Minnesota Disability Law Center

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Addressing EBD through special education

 

 
Parents have a say in deciding their child’s classroom setting

 

 

Thus far in this series, we have talked about children’s challenging behaviors: what’s typical, when to be concerned, strategies to work with the school to help your child with challenging behaviors, and what to do when those strategies fall short of meeting your child’s needs. We have also covered special education: what it is, how to get an evaluation, who is eligible, and some questions to bear in mind when considering placement options. This section provides an overview of emotional and/or behavioral disorders (EBD). Emotional and/or behavioral disorders are not a mental health or psychiatric diagnosis. EBD is a term used in special education to describe children who have an established pattern of one or more of the following:

Behaviors:

• Developmentally inappropriate behaviors that are aggressive, hyperactive impulsive, physically or verbally abusive, destructive or intimidating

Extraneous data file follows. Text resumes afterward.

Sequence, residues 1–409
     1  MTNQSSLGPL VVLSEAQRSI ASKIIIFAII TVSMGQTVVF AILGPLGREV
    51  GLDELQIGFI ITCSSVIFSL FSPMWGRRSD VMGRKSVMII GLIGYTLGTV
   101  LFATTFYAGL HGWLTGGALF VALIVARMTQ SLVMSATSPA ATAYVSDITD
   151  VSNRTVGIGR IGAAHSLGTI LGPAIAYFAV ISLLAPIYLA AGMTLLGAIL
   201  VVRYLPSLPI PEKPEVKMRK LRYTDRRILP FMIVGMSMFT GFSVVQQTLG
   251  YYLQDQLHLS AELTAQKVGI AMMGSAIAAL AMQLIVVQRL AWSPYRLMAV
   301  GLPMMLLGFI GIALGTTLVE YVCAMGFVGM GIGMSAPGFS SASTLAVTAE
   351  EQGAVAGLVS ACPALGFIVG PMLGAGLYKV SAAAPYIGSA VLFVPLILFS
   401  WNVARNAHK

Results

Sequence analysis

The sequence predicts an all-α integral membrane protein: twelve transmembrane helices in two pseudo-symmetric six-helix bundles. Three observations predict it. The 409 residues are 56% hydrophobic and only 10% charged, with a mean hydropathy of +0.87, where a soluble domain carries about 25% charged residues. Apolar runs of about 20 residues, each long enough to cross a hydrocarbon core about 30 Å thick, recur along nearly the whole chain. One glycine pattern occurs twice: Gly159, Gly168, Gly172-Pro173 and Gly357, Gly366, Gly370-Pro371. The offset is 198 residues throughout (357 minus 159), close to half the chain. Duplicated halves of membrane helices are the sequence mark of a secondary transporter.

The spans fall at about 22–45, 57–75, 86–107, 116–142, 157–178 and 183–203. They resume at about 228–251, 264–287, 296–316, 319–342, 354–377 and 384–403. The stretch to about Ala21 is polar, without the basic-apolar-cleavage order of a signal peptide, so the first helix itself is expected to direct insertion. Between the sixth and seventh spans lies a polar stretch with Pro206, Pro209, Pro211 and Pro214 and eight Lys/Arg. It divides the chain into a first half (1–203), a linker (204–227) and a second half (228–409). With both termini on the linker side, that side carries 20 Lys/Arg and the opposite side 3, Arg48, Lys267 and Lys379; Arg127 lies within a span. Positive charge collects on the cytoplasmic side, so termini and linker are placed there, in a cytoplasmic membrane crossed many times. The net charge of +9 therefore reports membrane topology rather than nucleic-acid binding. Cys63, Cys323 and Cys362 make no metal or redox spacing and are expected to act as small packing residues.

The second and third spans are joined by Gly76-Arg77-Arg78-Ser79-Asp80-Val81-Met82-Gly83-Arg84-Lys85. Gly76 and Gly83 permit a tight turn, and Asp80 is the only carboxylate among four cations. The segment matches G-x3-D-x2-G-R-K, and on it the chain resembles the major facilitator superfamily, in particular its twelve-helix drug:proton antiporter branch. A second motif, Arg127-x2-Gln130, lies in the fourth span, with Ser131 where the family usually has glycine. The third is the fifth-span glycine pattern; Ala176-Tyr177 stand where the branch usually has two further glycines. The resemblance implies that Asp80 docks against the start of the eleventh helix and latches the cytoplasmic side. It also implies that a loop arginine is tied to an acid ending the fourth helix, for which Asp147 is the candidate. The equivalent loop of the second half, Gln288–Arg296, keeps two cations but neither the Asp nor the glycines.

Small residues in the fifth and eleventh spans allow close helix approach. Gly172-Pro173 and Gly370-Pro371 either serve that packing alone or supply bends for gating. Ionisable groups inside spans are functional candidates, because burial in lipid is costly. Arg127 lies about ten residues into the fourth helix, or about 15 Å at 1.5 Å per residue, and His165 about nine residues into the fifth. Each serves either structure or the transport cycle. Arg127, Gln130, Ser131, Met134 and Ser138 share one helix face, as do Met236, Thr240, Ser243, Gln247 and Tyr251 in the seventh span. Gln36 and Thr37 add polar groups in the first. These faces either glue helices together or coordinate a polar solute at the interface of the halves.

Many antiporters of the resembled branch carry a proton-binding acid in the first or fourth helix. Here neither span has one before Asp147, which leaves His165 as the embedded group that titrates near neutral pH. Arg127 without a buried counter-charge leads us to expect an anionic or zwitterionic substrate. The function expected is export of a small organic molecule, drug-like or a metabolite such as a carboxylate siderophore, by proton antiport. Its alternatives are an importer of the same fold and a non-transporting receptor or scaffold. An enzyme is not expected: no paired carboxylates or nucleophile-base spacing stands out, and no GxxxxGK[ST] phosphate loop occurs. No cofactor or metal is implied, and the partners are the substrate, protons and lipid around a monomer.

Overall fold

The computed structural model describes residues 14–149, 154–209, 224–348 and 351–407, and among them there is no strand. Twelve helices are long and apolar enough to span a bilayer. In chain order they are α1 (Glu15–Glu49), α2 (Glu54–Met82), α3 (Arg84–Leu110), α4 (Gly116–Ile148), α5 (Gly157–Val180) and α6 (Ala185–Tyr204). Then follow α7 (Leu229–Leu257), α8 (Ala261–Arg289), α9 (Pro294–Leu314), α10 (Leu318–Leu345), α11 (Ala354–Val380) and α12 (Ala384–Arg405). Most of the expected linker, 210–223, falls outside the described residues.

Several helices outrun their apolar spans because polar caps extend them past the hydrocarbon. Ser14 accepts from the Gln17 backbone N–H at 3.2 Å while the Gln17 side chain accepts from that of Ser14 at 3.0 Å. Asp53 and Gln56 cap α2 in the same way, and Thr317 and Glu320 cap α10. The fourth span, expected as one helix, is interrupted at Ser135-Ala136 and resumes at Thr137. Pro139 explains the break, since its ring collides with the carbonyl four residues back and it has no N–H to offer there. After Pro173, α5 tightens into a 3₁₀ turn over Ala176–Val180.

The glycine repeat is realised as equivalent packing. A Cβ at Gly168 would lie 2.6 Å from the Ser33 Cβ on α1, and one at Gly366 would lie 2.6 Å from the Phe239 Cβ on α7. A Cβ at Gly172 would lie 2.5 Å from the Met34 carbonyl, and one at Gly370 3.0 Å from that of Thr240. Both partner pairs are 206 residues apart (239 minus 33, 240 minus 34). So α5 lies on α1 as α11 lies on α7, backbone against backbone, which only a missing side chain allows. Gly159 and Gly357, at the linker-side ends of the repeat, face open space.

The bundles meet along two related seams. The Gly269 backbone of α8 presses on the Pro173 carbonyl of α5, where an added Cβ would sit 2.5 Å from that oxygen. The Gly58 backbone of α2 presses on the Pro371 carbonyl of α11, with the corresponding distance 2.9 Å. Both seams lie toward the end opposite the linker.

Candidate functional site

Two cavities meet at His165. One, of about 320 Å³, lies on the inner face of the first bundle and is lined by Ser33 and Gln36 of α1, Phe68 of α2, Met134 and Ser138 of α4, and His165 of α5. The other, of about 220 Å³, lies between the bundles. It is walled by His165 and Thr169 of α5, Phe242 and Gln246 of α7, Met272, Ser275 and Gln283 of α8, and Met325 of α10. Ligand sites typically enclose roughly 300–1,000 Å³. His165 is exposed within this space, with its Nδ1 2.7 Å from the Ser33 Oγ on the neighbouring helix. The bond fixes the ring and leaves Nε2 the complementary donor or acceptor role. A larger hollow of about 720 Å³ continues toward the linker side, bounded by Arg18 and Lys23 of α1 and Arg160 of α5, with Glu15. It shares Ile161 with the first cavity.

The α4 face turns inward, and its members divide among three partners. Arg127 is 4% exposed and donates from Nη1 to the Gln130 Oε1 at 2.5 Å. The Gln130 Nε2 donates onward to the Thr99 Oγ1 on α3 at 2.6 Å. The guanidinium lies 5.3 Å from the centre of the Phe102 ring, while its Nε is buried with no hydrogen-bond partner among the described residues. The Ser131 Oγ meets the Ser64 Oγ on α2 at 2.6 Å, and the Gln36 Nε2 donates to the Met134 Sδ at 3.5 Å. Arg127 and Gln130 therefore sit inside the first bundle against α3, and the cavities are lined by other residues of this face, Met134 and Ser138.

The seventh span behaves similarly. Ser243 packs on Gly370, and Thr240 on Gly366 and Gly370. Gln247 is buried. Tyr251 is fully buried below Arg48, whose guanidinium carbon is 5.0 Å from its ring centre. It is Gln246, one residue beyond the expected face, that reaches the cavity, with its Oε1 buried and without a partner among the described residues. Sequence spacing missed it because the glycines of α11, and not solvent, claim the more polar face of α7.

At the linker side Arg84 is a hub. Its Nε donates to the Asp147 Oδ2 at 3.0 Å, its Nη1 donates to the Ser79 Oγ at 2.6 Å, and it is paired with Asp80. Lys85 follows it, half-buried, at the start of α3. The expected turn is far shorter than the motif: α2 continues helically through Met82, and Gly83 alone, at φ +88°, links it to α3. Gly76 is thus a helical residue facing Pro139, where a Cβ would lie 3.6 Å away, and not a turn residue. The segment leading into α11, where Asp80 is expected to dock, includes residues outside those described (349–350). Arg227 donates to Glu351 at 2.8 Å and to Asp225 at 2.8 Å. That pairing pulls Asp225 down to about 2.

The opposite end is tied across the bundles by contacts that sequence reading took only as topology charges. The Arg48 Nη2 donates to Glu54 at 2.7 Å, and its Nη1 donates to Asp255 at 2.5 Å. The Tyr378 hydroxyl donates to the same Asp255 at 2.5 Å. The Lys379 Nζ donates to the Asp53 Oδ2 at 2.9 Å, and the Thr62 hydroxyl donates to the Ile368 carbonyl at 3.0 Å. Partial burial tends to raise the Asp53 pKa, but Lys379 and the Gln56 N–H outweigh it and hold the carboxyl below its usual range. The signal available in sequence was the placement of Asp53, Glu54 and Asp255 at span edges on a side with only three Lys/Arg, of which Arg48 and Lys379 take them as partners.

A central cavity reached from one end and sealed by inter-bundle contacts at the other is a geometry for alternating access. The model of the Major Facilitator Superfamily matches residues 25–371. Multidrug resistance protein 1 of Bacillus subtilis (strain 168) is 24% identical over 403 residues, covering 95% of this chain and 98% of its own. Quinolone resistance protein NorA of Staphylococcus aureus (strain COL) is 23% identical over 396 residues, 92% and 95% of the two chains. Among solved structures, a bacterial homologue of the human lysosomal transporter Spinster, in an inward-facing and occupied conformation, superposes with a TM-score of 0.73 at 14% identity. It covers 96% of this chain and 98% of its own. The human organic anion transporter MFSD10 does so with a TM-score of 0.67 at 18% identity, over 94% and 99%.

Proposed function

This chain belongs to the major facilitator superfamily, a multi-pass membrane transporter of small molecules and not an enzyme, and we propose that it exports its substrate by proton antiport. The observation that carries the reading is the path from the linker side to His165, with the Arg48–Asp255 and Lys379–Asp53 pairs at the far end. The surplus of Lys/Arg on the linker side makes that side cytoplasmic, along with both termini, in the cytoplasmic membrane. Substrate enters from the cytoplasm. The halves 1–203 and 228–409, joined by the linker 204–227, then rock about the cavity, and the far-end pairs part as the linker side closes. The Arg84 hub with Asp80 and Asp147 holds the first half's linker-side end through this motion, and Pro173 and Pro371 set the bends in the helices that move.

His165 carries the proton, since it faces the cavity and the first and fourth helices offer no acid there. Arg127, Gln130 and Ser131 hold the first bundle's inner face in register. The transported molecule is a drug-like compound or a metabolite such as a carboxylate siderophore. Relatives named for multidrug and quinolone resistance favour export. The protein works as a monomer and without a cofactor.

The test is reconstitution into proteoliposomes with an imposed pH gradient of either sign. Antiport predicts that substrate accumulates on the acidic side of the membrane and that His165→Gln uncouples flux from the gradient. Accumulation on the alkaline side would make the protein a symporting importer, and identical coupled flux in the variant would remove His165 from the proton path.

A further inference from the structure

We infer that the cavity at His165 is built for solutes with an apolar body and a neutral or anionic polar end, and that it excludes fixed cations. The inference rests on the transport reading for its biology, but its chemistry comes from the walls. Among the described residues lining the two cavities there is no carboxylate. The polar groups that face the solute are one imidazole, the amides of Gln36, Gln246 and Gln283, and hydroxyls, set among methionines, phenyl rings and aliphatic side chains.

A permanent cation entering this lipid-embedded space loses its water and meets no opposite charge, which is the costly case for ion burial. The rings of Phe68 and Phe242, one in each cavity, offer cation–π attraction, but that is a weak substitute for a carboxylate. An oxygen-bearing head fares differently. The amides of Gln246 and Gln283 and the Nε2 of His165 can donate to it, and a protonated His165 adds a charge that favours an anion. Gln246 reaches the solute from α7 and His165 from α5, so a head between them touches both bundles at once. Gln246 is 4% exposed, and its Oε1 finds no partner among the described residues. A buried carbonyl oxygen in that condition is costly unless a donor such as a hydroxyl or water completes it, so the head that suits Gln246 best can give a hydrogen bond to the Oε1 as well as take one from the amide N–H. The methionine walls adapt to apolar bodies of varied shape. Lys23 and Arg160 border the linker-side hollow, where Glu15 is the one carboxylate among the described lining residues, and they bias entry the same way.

• Disordered thought processes manifested by unusual behavior patterns, inappropriate laughter, crying, sounds or language; self-mutilation, or developmentally inappropriate sexual acting out; obsession with specific objects, rigidity, overly affectionate behavior towards unfamiliar persons; or hallucinations or delusions of grandeur

Emotional:

• Withdrawn or anxious behaviors, pervasive unhappiness, depression or severe problems with mood; exhibiting intense fears or school phobia, developing physical symptoms related to worry or stress, or changes in eating or sleeping patterns

Educational:

• Has unsatisfactory educational progress that is not primarily a result of intellectual, sensory, physical health, cultural, or linguistic factors, illegal chemical use, autism spectrum disorders or inconsistent educational programming

Social:

• An inability to exhibit social competence — their social behavior is significantly different than what is culturally, age or ethnically appropriate. Continue Reading →

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